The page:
I came around to iron the hard way. At a property I renovated in Tremé, repeated backyard burglaries taught me my wood fence provided a weak line of defense –– and privacy for miscreants to fiddle with locks and windows. Besides, iron harmonized far better with the 1840s Creole cottage.
Later, at a property in Faubourg St. John, cost considerations pushed me to give wood another chance. But time soon proved me pound-foolish. The winds of Hurricane Katrina burst through the boards and twisted the aluminum posts down to the ground. That opened the way to my back door for the looters who ran rampant in those days.
In rebuilding, iron was the answer.
There’s a science to iron fences, as I learned back then from neighborhood personage Ben Gasper. A retired welder with more than three decades behind the mask, Gasper has put torch to metal in yards across New Orleans. We met again recently so the old hand could refresh my memory on the rules of ironwork.
The first thing to know is that most of an iron fence is in fact steel. Steel posts are typically hollow but should be at least 11-gauge, or 1/8-inch thick. The pickets, however, should be solid and thick enough to prevent a ne’er-do-well from bending them open. “Hollow pickets are not strong enough, and they won’t last,” Gasper says.
The decorative elements are typically made of cast iron. These include decorative posts (hollow but typically 1/4-inch thick), medallions and finials. For a strong seal, Gasper says it’s important to ensure a welder uses cast-iron rods to make the welds on decorative elements. Some welders cut corners on this, he says, because cast-iron rods cost about 10 times more than steel.
There are two ways to affix pickets to the horizontal runners. For a historic look, the welder should run the pickets through punched holes in flat runners.
A less expensive approach –– that is also less durable and less historically authentic –– is simply to weld the pickets to the face of the runners. But Gasper says homeowners should check for at least three welds, on the top and each side, wherever picket meets runner. The more welds, the more durable and watertight, and therefore rust-resistant, the structure will be. Gasper says this is another area where some welders cut corners to save money. Fewer welds reduce the life of the fence and make it vulnerable to a thief with a good pair of pliers.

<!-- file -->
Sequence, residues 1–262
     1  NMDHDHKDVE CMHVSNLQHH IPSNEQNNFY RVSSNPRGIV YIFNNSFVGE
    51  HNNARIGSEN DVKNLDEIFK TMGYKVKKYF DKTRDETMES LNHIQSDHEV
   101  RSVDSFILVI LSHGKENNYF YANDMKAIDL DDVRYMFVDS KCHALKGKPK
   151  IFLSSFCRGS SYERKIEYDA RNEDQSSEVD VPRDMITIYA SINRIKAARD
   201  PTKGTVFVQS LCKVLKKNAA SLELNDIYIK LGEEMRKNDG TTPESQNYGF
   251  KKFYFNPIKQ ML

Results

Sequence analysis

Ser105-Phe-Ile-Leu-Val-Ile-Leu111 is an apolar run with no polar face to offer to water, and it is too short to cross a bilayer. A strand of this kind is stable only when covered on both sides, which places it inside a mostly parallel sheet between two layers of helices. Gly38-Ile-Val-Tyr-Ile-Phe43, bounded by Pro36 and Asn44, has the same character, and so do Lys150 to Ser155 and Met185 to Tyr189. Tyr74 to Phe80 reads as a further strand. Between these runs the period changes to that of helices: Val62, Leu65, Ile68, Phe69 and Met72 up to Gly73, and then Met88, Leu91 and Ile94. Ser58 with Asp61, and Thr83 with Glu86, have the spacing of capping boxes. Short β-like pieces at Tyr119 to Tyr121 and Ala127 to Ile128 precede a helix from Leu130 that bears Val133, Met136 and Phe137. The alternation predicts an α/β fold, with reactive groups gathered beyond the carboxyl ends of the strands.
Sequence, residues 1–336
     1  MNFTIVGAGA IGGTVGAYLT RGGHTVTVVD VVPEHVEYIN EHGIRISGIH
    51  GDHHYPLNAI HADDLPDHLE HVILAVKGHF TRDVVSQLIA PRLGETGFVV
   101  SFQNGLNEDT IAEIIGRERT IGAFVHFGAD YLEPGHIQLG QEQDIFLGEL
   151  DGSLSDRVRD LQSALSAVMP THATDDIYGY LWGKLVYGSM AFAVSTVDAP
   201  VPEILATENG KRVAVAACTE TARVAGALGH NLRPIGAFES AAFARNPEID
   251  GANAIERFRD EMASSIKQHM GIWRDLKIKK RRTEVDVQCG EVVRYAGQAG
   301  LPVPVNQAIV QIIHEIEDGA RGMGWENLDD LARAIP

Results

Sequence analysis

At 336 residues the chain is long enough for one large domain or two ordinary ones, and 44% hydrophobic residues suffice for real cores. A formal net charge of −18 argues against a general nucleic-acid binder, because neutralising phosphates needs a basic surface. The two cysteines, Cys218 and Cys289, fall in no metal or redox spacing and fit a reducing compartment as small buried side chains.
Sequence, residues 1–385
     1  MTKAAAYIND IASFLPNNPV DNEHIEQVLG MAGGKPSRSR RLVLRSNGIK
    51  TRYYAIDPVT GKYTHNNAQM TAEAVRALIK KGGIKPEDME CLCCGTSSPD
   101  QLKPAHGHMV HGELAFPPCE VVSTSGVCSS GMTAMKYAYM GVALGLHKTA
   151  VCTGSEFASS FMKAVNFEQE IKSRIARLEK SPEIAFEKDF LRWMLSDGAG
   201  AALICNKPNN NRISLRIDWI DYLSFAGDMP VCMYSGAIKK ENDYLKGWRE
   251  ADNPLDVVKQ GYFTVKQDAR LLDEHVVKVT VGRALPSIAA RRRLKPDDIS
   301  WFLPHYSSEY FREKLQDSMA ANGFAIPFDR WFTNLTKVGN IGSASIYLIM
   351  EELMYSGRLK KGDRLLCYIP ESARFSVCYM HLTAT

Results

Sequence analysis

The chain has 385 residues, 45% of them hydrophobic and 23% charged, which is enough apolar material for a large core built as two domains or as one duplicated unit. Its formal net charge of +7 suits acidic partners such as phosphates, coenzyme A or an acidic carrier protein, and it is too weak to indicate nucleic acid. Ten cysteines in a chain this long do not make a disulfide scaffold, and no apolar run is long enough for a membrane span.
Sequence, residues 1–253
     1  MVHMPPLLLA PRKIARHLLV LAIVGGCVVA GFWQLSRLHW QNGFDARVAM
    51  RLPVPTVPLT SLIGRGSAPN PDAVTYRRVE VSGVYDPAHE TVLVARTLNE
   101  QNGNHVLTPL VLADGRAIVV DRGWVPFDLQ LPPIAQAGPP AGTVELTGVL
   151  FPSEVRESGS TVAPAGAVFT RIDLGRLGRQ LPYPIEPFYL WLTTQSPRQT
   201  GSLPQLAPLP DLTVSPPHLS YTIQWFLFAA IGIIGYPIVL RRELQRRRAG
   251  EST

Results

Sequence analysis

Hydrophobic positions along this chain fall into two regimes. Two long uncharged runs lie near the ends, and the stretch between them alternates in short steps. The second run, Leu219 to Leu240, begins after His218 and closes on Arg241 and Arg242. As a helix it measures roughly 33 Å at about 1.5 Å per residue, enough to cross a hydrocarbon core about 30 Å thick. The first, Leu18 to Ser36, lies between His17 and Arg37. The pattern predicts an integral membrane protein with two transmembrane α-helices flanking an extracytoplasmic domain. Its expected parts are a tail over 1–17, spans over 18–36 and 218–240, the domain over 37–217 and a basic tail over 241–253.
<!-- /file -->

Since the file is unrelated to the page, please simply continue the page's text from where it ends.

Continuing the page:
“It’s like putting in one nail where three or four are required,” Gasper says.
More posts cost more but lend structural strength, Gasper says. He cautions that posts should sit at least 18 inches in the ground. The concrete should fill 4 inches around at full depth; the hole should be cylinder-shaped, not cone-shaped.
Gasper recommends painting by hand rather than spray-painting. He prefers to start with a rustproofing primer and follow with an oil-based metal paint. This takes longer than spray-painting, but it provides a thicker coating and therefore less maintenance in the long run. Keeping an iron fence painted will guarantee almost inexhaustible durability.
Gasper says to keep in mind aesthetic considerations. He suggests keeping designs simple. And remember that the fence should be proportionate to the house and yard, particularly in the front. “The fence is only a statement,” Gasper says. “It is a psychological deterrent, but if you make a fence 10 feet tall and somebody wants to climb it, they will.”
Joe Strain, owner of Strain Metal Works, has a number of residential and commercial iron fence jobs to his credit. I talked to him about the ultimate option for iron fences: the automatic driveway gate.
Generally, Strain says, residential gates run via remote control, though alternatives include coded keypads and card sensors.
If the gate operator is UL 325-compliant, Strain says, that usually indicates a high standard of craftsmanship.
For safety, the system should include a photo beam that will prevent the gate from closing if a person or vehicle is in its path. For security, remote control fences should operate on a rolling code that will prevent a crafty burglar with a factory-set remote from gaining access to your property. In flood-prone areas, Strain says to make sure the installer places electronic components high off the ground so they don’t fry in a heavy rain.
Strain gushes over solar-powered models. Although they can cost about $1,000 more than a standard system, he says they’re just as reliable and can often be cheaper than running the electrical lines standard operators require. “If the power goes out, no problem,” he says.
He suggests that homeowners consider installing efficient outdoor lighting systems along with their operator. Or, if they already have garden lights, they may be able to hook the operator up to them, potentially decreasing installation costs.
Top-of-the-line gate operators should provide 15 to 20 years of service with few problems, while standard-quality models should last for at least 10 years, Strain says.
He considers FAAC a premium brand and says Door King, Chamberlain and Apollo all produce solid products. When installing a solar-powered system, Strain generally recommends Apollo. Regardless, he says installing an automatic driveway gate will increase costs by at least $2,500.
And, of course, make sure you have a quality technician, Strain says. “Make sure that person will honor the craftsmanship that they’ve done –– until it works right.” F